The pinnacle of Deandre Ayton’s 2021 breakout came in the Western Conference semifinals against the Denver Nuggets when the Phoenix Suns dismantled shorthanded Denver with a 4-0 sweep.
With averages of 14.3 points (64% true shooting) and 10.3 rebounds, Ayton joined Chris Paul in unraveling the Nuggets’ ball-screen coverages and simultaneously helped limit NBA MVP Nikola Jokic to 53% true shooting.
Much has changed since then. The Nuggets have retooled their roster, topped the Western Conference regular-season standings to claim the West’s No. 1 seed and are fully healthy. Ayton hasn’t parlayed his 2020-21 campaign into full-fledged stardom and has regressed to the mercurial play that plagued his first two and a half seasons. Paul is no longer an All-Star-caliber guard who dictates the offense for Phoenix. Complementary wings Mikal Bridges and Cameron Johnson have been replaced by superstar Kevin Durant to substantially reorient the shape of this Suns squad.
On Saturday, the Nuggets and Suns will begin another Western Conference semifinals matchup. While the context for Ayton may look radically different, both internally and externally, his presence continues to loom large upon the Suns’ title pursuit, just as it has the past two seasons with the Suns first losing in the NBA Finals to the Milwaukee Bucks before falling in the Western Conference semifinals to the Dallas Mavericks a season ago.
Ayton’s fifth NBA campaign after being picked No. 1 overall in the 2018 NBA draft out of Arizona has been a pendulum of fickleness. The inconsistencies that capped off Year 4 have extended into 2022-23. The only time his scoring efficiency has been worse during a regular season in his career was 2019-20. His defensive motor and general attentiveness waned. Stretches of rediscovering his mojo sprouted up, only to hibernate games later.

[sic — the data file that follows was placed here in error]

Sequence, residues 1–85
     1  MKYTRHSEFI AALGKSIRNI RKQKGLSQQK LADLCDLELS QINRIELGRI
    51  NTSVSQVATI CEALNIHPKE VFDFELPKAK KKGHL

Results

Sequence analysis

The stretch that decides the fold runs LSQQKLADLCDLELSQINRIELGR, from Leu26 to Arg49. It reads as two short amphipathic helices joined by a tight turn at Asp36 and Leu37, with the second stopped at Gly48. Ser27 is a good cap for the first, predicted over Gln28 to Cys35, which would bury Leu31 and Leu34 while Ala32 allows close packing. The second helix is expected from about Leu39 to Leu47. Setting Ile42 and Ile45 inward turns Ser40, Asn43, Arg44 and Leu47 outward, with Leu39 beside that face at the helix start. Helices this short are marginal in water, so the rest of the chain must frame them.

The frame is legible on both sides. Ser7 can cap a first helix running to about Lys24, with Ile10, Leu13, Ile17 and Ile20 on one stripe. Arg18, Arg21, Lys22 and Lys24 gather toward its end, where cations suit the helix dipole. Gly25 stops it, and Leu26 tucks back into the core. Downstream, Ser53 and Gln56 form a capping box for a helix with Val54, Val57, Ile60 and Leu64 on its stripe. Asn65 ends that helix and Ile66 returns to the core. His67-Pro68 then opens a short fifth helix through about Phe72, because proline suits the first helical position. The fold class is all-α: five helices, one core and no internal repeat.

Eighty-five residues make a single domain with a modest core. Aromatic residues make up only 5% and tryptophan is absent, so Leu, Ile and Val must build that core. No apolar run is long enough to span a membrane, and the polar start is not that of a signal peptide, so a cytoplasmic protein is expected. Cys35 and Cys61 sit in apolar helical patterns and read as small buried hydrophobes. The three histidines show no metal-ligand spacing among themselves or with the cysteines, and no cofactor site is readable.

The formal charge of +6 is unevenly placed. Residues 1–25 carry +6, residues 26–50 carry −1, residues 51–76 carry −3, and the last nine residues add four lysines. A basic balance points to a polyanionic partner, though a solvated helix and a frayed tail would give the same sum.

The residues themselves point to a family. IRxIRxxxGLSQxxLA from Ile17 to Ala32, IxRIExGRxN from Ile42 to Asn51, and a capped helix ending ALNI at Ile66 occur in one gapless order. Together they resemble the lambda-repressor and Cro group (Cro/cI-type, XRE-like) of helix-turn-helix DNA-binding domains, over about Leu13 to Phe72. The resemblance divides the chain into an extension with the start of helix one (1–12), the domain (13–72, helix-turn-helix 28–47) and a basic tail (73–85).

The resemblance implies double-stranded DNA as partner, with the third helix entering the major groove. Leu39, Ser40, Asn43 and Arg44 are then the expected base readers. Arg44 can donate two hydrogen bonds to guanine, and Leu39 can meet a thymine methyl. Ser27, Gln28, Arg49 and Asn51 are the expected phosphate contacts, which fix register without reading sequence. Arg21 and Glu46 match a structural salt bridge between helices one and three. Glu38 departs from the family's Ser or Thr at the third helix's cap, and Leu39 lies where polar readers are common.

To start these NBA playoffs, his first-round signature against the Los Angeles Clippers was, in many realms, a fitting snapshot of the year to this point. Early on, reserve center Bismack Biyombo looked like a superior option in the middle. But as the series evolved, Ayton’s attention to detail heightened. He influenced more shots around the rim, was a craftier screener and pulled his weight on the glass – all hallmarks of his 2020-21 blossoming.
All the while, though, Ayton’s play-finishing, a steadfast linchpin of his offensive portfolio, lagged behind and his game log for the series shows it. Ayton averaged 16 points on just 54.1% true shooting, well below his career playoff mark (66.5%) and regular season clip (62.2%). His 53% shooting on field goals against the Clippers was his worst single-series mark in seven career playoff series. Led by Devin Booker’s supernova stretch (37.2 points, 69.7% true shooting) and Durant’s steadiness (28.4 points, 67.7% true shooting), Phoenix cruised to a playoff-leading 122.5 offensive rating.
For all of Booker’s brilliance, however, the Suns should not expect him to generate that level of efficiency on that volume moving forward. He will presumably remain very good. He is an All-NBA stud, but 37 points on 70% true shooting is outrageous, unsustainable production.
The Nuggets are a stiffer test than the Clippers down Kawhi Leonard and Paul George. Ayton must elevate his game and frugally punctuate possessions like he’s done the majority of his NBA tenure. He was a highly inefficient play-finisher in Round 1. Ultimately, it didn’t matter. Booker and Durant were and are that exceptional. A repeat performance from him in Round 2 likely will matter, particularly because of the Nuggets’ defensive schematics.
When Jokic is on the floor, they often play him at the level of the screen in pick-and-rolls. He touts the swiftest, most dexterous hands in the league among bigs, which enables him to interfere with passing windows, and is much more effective than playing in drop coverage. He’s a ground-bound 5 and a cumbersome rim protector. Allowing him to sit back puts more strain on Denver’s flawed point-of-attack infantry and relies on Jokic to wall off the hoop, a job for which he’s quite unqualified.
Los Angeles generally stationed Ivica Zubac or Mason Plumlee at the level when Booker or Durant piloted ball-screens. That left Ayton to navigate an array of short-roll scenarios. He did not fare well, settling for unthreatening midrange jumpers, firing inaccurate passes or letting his own passivity squander 4-on-3 advantages. The occasional encouraging flash he showcased will have to become the norm.